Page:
The Illuminated Life of Maud Lewis

The Illuminated Life of Maud Lewis, co-produced by Triad Film Productions and the National Film Board, Documentary East Studio is a film which vibrantly chronicles the life of one of Nova Scotia's most revered folk artists.

In her lifetime Maud Lewis (1903-1970) was already recognized as a remarkable talent, a painter with a unique and joyful vision of rural Nova Scotia -- its beauty, charm, culture, toil and travails. Since her death her art has received increasing critical and public acclaim and she is now acknowledged as an outstanding folk artist whose naive and untutored style reveals a wealth of human and natural beauty. Yet the joyful simplicity of her paintings belied a life of hardship, handicaps, pain and poverty.

Maud Dowley was a shy, sensitive girl born with multiple birth defects near Yarmouth. She lived much of her life there, later moving to Marshalltown, a tiny community near Digby where she met and married Everett Lewis. Although her married years were spent in a tiny shack without electricity, running water or indoor plumbing, and although she was afflicted with increasingly painful physical disabilities, she nevertheless transcended the material circumstances of her life with a rich outpouring of bright, evocative paintings. In the one-room house where she lived for 32 years, with cardboard or particleboard as a canvas, household and marine paints for her sardine-tin palette, she painted radiant and joyful pictures, rich in their representation of rural life in Nova Scotia.

The Illuminated Life of Maud Lewis vividly captures the stark contrasts of Maud Lewis' life through an artful combination of documentary footage, dramatic recreation, interviews with people who knew her and evocative footage of many of her paintings. There is humorous and incisive footage drawn from a 1965 CBC Telescope program on Maud and Everett. Actors Phyllis Essex-Fraser and Ken Mahr bring to vivid life many scenes from their lives in the hauntingly beautiful rural landscapes of the Nova Scotia of the 1930's and 40's. Speaking of the film, director d'Entremont said:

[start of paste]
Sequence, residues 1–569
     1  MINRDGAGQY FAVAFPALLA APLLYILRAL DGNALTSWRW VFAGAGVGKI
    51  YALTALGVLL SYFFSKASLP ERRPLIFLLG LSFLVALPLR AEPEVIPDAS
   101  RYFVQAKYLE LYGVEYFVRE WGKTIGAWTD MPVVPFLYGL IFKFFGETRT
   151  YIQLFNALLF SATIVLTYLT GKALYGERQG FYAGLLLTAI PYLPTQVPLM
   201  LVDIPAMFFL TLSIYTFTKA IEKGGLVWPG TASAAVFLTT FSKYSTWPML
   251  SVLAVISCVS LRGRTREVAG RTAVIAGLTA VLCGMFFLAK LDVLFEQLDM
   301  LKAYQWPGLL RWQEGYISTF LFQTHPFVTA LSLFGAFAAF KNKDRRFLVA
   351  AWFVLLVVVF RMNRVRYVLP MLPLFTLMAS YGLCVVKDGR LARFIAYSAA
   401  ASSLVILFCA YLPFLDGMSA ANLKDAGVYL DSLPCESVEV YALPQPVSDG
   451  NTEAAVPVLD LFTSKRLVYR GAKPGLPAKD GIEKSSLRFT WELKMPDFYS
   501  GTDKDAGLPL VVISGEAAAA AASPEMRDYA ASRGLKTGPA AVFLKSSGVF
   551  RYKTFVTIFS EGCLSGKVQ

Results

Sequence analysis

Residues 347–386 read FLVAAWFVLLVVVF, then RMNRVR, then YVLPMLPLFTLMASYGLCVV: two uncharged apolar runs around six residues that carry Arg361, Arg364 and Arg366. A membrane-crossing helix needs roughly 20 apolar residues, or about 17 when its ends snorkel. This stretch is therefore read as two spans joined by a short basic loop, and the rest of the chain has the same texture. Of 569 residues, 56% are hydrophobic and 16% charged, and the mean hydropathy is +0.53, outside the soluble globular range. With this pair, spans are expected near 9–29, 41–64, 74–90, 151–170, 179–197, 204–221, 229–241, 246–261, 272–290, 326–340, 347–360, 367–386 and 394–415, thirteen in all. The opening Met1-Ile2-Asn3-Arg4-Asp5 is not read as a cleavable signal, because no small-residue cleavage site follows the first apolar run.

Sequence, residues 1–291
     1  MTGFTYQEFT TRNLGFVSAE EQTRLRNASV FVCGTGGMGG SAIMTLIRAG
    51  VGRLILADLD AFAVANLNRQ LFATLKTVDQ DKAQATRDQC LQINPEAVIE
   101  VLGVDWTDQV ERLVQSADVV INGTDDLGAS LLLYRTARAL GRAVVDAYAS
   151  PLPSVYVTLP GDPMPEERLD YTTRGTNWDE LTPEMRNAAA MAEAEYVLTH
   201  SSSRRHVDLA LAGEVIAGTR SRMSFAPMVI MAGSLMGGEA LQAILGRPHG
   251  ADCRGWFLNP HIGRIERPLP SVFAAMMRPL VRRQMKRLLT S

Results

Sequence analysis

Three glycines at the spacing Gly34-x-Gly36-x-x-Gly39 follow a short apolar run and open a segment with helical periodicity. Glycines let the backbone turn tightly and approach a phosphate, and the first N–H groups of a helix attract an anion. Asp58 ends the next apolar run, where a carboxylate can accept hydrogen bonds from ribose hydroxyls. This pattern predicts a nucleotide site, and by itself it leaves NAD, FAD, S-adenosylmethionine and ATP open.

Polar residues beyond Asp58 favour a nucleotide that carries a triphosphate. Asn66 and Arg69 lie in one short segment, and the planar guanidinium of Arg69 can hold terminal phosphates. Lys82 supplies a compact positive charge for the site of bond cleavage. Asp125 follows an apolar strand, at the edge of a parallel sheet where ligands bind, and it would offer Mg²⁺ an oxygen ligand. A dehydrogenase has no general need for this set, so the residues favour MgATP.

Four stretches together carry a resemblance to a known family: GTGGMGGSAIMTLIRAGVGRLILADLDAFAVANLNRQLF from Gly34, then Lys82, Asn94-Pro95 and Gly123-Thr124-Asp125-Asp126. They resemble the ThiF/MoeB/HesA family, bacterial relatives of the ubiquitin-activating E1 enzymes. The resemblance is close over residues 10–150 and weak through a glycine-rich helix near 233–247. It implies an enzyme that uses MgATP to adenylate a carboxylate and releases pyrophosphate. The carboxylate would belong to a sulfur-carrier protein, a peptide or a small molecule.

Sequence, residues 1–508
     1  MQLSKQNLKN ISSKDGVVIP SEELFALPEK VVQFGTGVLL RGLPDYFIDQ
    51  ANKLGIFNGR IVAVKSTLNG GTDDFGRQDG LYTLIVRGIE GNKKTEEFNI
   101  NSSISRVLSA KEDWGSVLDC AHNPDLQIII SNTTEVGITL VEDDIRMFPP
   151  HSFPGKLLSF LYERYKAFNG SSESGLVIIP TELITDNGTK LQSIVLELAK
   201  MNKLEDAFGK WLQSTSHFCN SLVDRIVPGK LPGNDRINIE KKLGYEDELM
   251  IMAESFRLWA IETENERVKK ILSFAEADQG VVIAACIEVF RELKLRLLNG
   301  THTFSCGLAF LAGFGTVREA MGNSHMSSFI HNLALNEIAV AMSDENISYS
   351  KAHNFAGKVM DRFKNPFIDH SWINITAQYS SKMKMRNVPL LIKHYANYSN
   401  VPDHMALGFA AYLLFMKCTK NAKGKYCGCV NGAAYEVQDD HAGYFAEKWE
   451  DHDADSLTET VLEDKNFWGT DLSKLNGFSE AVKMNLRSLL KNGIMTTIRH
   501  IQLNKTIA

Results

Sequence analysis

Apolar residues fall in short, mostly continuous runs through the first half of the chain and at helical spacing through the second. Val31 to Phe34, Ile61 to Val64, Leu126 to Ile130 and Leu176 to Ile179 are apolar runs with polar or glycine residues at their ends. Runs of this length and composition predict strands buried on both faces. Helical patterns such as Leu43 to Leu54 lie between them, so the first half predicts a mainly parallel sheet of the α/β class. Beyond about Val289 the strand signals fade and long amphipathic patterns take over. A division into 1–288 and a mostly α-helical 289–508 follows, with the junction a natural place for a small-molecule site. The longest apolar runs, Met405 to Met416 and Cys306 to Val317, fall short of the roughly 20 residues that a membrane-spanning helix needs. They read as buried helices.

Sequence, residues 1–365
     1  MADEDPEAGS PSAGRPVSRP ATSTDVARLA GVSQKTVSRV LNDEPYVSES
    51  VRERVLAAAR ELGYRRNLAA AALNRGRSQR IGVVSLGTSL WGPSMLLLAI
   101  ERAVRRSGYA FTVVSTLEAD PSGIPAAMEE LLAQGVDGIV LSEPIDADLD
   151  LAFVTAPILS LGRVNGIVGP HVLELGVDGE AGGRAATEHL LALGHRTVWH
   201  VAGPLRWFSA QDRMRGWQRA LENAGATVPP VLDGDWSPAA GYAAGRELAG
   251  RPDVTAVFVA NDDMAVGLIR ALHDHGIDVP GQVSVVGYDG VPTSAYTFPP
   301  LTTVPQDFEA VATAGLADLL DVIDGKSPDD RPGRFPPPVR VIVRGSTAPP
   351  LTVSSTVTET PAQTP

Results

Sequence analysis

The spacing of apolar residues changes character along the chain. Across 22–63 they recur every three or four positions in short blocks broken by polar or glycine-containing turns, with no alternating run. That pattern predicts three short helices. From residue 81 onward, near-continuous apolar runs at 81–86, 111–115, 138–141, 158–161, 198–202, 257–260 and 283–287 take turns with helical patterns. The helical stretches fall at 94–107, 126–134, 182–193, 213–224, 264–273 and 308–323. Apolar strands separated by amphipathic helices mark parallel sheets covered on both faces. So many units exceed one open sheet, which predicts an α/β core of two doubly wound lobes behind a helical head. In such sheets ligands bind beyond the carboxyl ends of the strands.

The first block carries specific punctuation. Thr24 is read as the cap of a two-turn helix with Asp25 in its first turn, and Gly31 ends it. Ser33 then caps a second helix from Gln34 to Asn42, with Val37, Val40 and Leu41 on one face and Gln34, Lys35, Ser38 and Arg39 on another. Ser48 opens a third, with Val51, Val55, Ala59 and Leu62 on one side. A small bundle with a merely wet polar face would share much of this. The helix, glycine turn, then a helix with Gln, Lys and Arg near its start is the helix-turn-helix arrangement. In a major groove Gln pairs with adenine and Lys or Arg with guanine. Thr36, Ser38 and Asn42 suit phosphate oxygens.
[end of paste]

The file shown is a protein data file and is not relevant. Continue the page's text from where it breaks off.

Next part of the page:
"It was very important for us, in making the film, to represent the life of Maud Lewis faithfully. To reveal both the joyful and transformative aspects of her art as well as the darker and more difficult aspects of her life, so that audiences could see for themselves the fabric of her life and could draw their own conclusions."

The Illuminated Life of Maud Lewis leads viewers through a fascinating and troubling biography, rich both in beauty and in unanswered questions. Ultimately everyone will have to decide for themselves what to make of the life of Maud Lewis.

Much of the dramatic film footage was shot near Bear River, a mere stones' throw from Marshalltown, and the crew constructed a faithful replica of the tiny (12.5' x 13') house where Maud and Everett lived. Also lovingly recreated were scenes from Maud's childhood in South Ohio in the early years of this century with Amy Berry playing Maud Dowley and Peter Berry as her brother Charles. The film is directed by Peter d'Entremont, produced by Sally Bochner, Don Haig, Peter d'Entremont, Michael Mahoney, Kent Martin, and Christopher Zimmer and was written by author Lance Woolaver.

The Illuminated Life of Maud Lewis was shown across Canada in October, 1998 on Vision TV. Triad acknowledges the generous assistance of the National Film Board, Vision TV, the Nova Scotia Film Development Corporation and the Maritime Telegraph & Telphone New Media, Culture & Information Fund in the production of this film.

For further information check the NFB's The Illuminated Life of Maud Lewis page.

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